By William T. Barker, Partner, SNR Denton
Chapter 8 addresses defenses which insurers might assert in addition to their attempts to negate insureds’ claims that the insurer breached contractual duties ordinarily imposed as part of the duty of good faith and fair dealing.
Section 8.02 addresses contractual time limits. Insurance policies typically require the insured to give “prompt” notice to the insurer of any losses incurred, claims made or suits brought against the insured. Courts generally interpret that requirement to mean that notice must be given within a reasonable time under the particular circumstances of the case. In addition, many (but not all) jurisdictions require that the insurer demonstrate that it was prejudiced by any delay in notice, and will excuse noncompliance if the insured can show that the delay was reasonably justified. First-party insurance policies also commonly require that the insured furnish the insurer with proof of loss within a specified period of time. As with notice provisions, the insurer typically must prove that it was prejudiced as a result of the insured’s failure to provide timely proof of loss. Furthermore, courts often hold that delay in submitting proof of loss merely postpones the insurer's liability -- it does not eliminate it altogether.
Provisions in first-party insurance policies often limit the time within which an insured may file an action against its insurer for particular loss, and there is usually no need for the insurer to show prejudice to enforce such a contractual suit limitation. While such suit limitations will usually bar bad faith claims, as well as claims for benefits, some court hold that bad faith claims (or some specific types of bad faith claims) are not subject to those limitations. In some instances, a discovery rule may apply, but contractual suit limitations usually run from the occurrence of the loss. Some states toll such limitations from the time a claim is made until it is denied.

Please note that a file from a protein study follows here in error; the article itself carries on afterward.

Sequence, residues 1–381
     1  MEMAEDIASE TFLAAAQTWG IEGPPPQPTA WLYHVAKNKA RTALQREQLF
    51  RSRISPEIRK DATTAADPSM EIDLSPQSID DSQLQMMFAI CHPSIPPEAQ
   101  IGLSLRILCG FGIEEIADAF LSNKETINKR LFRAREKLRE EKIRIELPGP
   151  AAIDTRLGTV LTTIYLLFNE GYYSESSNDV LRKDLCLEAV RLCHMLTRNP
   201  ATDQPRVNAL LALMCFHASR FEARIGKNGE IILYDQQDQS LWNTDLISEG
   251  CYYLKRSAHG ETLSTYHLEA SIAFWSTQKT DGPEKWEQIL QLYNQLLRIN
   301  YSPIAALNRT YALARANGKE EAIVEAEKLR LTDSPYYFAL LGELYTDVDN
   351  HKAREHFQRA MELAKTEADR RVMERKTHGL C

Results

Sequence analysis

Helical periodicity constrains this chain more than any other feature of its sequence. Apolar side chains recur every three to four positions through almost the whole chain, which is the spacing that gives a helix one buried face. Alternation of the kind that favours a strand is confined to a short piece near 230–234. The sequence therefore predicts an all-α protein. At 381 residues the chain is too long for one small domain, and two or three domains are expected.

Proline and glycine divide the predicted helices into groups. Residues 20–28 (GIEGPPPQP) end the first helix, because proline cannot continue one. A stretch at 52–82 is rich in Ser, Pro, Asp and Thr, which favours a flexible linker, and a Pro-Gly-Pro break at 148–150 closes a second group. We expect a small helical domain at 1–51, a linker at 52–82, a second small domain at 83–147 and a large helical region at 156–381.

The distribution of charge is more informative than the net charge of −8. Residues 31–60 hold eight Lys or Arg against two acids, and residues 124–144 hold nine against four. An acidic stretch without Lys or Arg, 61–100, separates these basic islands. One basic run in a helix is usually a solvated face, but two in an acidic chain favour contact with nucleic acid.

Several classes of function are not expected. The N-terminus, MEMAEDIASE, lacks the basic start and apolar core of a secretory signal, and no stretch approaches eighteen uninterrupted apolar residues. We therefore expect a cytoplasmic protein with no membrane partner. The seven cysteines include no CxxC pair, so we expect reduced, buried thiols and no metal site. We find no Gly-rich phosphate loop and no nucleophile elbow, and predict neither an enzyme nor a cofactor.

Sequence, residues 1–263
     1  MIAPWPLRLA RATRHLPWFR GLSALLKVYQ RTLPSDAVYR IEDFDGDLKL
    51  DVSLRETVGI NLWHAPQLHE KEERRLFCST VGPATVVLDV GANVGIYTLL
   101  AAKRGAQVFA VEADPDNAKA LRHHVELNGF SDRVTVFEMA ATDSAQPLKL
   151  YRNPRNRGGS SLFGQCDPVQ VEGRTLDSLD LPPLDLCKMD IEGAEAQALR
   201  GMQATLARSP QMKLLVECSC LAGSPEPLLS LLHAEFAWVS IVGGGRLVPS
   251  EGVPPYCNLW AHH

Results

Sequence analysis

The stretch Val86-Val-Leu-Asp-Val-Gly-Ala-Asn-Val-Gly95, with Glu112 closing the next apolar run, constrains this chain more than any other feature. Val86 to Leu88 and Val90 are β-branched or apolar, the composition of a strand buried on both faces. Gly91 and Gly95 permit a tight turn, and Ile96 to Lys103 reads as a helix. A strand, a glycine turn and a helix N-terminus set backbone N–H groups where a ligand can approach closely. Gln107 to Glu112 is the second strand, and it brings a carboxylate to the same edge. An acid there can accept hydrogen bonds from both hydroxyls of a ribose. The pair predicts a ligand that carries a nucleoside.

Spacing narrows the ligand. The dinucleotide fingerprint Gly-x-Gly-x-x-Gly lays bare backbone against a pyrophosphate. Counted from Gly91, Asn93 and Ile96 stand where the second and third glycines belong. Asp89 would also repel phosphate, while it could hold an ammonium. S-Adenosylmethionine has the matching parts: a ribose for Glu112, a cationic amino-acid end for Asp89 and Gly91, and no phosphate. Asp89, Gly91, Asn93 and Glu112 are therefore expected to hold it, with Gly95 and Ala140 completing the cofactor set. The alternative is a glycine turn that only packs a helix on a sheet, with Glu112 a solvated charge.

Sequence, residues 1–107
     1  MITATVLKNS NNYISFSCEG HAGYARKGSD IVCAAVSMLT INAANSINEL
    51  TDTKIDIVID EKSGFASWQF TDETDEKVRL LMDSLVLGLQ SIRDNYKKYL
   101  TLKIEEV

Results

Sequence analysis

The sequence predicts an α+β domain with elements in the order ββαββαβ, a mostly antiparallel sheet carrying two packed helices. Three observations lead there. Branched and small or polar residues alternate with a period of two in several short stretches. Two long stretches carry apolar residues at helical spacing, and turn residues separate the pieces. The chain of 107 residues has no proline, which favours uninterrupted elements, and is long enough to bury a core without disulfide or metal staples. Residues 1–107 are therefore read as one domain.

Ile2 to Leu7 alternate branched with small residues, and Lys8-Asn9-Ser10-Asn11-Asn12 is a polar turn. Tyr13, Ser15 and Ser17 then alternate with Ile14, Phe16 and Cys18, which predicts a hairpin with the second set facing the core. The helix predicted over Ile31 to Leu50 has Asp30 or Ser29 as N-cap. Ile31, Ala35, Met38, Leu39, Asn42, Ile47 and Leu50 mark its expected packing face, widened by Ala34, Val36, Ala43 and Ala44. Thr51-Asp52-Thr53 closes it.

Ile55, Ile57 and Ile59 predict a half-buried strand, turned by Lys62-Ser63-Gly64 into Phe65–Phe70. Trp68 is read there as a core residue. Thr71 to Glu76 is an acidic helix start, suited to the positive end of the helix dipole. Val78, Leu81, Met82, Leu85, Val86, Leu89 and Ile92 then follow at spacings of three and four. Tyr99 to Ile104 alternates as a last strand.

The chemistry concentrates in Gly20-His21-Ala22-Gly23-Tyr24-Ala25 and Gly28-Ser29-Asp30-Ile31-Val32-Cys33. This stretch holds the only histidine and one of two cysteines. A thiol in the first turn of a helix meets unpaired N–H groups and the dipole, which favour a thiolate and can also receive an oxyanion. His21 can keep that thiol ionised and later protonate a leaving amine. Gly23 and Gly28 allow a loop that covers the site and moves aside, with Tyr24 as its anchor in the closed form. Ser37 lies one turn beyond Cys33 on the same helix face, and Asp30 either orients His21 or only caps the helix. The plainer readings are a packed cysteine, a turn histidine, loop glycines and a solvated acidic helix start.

Section 8.02 addresses statutes of limitations. In particular, California holds that bad faith claims sound both in contract and in tort, allowing use of the longer written contract statute of limitations, though there is some disagreement whether the full range of tort damages can be sought if the claim is brought after running of the tort statute. But some states apply tort statutes to all bad faith claims; which tort statute will apply varies widely from state to state.
Section 8.02 examines accrual of a cause of action. Actions for failure to settle typically accrue upon termination of the suit against the insured, either by settlement or finalization of a judgment in excess of policy limits. First-party bad faith claims may be deemed to accrue as of the date of the loss, if a contractual suit limitation so provides, or from the date the loss is ascertained and payment is due pursuant to the policy. Insurers may not create a perception of amicable adjustment and then plead a delay caused by its own conduct as a defense to a bad faith claim. Certain jurisdictions impose an affirmative obligation on insurers to identify and explain policy provisions to the insured. Such courts have held that that duty to inform may include advising the insured of the applicable limitations period governing any claim that the insured might have against the insurer. Such notices may also be required by statutes or regulations.